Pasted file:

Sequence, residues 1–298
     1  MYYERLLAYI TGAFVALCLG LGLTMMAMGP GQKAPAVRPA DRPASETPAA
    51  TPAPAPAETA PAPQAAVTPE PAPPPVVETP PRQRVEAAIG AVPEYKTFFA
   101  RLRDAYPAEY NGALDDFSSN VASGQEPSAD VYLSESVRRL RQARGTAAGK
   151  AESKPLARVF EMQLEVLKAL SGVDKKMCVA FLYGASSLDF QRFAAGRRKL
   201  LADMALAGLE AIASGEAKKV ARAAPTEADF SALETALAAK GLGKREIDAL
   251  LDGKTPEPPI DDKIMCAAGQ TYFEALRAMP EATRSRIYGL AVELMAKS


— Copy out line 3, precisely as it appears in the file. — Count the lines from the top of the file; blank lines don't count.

    51  TPAPAPAETA PAPQAAVTPE PAPPPVVETP PRQRVEAAIG AVPEYKTFFA